Black Images from the Past: Attitudes Presented in the Long Island Star and the New York Evening Post in the Early 1820s

By Charles, Mario; Roff, Sandra | Afro-Americans in New York Life and History, July 31, 1994 | Go to article overview

Black Images from the Past: Attitudes Presented in the Long Island Star and the New York Evening Post in the Early 1820s


Charles, Mario, Roff, Sandra, Afro-Americans in New York Life and History


Black Images From The Past: Attitudes Presented In The Long Island Star And The New York Evening Post In The Early 1820s

As Americans entered the nineteenth century, they began to rely on magazines as an important vehicle for communicating information on various contemporary issues. The number of magazines had grown from five in 1794 to almost one hundred by 1825.(1) Poetry, traveler's accounts, letters, short stories and excerpts from novels enlivened their contents, served to keep patrons abreast of recent events, and influenced American attitudes and ideas.(2) Issues surrounding the black race was of interest to citizens of the North and South. News, opinions and commentary on their place in American society often found an outlet in the columns of magazines. Slavery for example, intrigued the readership and magazines printed news of the slave trade in Africa and the West Indies but made little reference to its impact in America.(3) This can in part be attributed to the practice of these journals reprinting stories extracted from foreign publications. As newspapers gained in popularity, they too published news taken from sources near to the origin of the event.(4)

Newspapers by the end of the eighteenth century were reaching a broader audience than magazines. In 1793 Noah Webster claimed that "newspapers are the most easily sought after" means of knowledge.(5) The treatment of blacks by the press was determined by the political bent of the newspapers. Differences in the presentation of issues relating to African-Americans in rural newspapers and those in the urban press were quite discernible. In the early 1820s the New York Evening Post, an example of a metropolitan daily, and the Long Is land Star, a rural publication, illustrated how the political bias of the press influenced the characterization of blacks.

In 1801, Alexander Hamilton, with a few political allies began the publication of the New York Evening Post. It was born as a reaction to the elections that year in which the Federalists lost the New York Governorship, the Legislature and the Council of Appointment to the Democratic Party of President Thomas Jefferson. With this new organ in which to disseminate political thought, the Federalists were able to react to articles published in journals such as the American Citizen, which praised Jeffersonian political beliefs.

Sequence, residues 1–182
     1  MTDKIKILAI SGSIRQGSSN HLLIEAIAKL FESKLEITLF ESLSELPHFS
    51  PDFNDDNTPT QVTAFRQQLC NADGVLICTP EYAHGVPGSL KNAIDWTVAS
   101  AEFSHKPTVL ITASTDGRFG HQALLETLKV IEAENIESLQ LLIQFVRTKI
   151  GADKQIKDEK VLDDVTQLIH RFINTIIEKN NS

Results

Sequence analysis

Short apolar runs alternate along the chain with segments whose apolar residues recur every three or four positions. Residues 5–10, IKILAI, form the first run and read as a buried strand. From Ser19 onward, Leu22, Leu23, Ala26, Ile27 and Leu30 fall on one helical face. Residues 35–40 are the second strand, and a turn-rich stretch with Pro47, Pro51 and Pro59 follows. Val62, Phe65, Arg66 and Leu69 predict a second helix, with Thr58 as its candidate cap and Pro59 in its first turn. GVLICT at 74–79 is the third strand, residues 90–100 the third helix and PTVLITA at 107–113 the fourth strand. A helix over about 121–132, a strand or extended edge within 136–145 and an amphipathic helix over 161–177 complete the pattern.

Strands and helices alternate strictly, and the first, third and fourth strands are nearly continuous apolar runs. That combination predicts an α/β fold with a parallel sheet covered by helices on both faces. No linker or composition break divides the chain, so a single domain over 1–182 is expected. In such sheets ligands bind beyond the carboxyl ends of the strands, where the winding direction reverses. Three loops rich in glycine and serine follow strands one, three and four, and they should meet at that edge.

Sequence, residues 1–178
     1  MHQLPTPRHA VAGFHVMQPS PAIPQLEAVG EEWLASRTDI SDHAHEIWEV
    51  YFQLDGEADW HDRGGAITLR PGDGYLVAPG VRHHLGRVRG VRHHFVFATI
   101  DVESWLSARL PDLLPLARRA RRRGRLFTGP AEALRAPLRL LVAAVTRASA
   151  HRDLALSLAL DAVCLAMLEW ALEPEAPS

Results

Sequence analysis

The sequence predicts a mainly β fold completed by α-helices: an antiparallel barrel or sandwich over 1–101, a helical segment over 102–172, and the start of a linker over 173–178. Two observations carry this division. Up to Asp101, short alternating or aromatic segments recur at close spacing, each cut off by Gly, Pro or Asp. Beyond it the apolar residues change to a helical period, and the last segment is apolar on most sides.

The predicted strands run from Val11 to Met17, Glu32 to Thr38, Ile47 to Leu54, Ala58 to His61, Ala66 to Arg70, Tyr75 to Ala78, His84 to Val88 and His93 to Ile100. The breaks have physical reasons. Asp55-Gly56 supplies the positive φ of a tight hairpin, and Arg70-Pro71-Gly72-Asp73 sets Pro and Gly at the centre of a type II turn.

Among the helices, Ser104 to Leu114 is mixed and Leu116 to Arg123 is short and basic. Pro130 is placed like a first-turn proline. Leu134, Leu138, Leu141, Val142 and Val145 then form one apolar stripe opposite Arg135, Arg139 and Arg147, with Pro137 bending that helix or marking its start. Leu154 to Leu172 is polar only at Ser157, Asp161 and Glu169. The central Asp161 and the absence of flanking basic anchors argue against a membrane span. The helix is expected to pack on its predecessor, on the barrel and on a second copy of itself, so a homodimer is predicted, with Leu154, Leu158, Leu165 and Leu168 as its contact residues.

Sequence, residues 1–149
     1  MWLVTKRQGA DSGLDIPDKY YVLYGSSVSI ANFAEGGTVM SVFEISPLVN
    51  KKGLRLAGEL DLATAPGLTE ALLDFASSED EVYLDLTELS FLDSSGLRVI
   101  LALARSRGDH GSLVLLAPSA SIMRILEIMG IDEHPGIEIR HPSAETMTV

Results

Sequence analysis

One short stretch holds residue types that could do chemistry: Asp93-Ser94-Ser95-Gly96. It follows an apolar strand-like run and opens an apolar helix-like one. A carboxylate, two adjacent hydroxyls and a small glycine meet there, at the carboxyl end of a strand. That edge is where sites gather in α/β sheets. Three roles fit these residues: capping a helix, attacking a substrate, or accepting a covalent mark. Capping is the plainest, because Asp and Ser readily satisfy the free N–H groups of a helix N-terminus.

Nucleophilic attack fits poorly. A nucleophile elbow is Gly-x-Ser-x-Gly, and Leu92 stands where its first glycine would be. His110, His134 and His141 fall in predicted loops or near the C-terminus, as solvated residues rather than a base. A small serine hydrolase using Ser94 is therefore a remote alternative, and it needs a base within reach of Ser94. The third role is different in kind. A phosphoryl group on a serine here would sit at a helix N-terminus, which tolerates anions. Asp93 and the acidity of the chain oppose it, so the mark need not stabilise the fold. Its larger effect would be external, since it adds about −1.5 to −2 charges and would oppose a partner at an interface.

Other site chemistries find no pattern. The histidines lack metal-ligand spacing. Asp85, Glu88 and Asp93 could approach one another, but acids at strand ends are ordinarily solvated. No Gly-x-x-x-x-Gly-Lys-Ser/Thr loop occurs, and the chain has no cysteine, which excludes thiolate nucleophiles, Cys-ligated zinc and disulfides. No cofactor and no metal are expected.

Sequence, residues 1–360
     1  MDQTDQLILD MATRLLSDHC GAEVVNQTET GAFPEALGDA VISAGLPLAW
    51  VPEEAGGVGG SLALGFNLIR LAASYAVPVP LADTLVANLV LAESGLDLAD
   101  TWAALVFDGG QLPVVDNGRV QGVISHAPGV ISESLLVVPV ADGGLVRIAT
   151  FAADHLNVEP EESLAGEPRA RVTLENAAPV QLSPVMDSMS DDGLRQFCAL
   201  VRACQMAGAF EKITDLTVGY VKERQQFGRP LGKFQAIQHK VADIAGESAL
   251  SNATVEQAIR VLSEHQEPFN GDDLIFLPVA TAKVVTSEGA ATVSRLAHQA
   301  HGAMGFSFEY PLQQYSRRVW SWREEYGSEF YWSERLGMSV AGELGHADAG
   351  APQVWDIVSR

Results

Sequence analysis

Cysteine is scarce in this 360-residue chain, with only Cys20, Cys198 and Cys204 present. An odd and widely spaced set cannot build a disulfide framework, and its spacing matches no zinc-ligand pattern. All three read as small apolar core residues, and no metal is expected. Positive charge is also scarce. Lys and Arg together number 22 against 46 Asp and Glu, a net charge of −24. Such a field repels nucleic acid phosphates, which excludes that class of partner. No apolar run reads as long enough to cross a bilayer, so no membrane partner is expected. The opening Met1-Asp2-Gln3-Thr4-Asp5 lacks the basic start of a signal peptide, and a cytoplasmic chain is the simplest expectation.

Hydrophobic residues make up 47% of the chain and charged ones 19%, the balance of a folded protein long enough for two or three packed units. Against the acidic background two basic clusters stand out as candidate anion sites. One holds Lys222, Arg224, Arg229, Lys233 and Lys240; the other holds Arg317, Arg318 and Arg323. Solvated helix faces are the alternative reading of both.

The purpose and goals of the New York Evening Post were stated in the prospectus.

The design of this paper is to diffuse among the people correct information on all interesting subjects, to inculcate just principles in religion, morals, and politics; and to cultivate a taste for sound literature.(6)

True to the ideals of the Federalists, who for the most part favored the abolition of slavery, the original prospectus reflects an interest in the "rights of man." The Gradual Manumission Act of 1799, supported by the Federalists, provided for the extinction of slavery in New York by 1827. Consequently, there was a new reason to report on the contemporary conditions of African-Americans.(7)

Slavery, by the end of the eighteenth century was well established in New York City and its environs; African-Americans constituted almost one fourth of the total population. In Kings County (Brooklyn) 58.8 percent of white households owned slaves in 1790 -- a surprisingly large number. Even in parts of western Long Island slavery was relied upon for the labor needed to supply New York with its food.(8) Consequently, the institution of slavery as well as its enslaved victims were of increasing interest to the white populace.

American news traveled slowly at the turn of the nineteenth century. Mail service was in its infancy and transportation was still primitive. The historian Frank Luther Mott, stated "...local or home news, which would have been easy to obtain, remained largely an untilled field."(9) It was not until later in the century, when mail service and transportation routes had improved, that local events appeared in the columns of newspapers with more frequency. …

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Black Images from the Past: Attitudes Presented in the Long Island Star and the New York Evening Post in the Early 1820s
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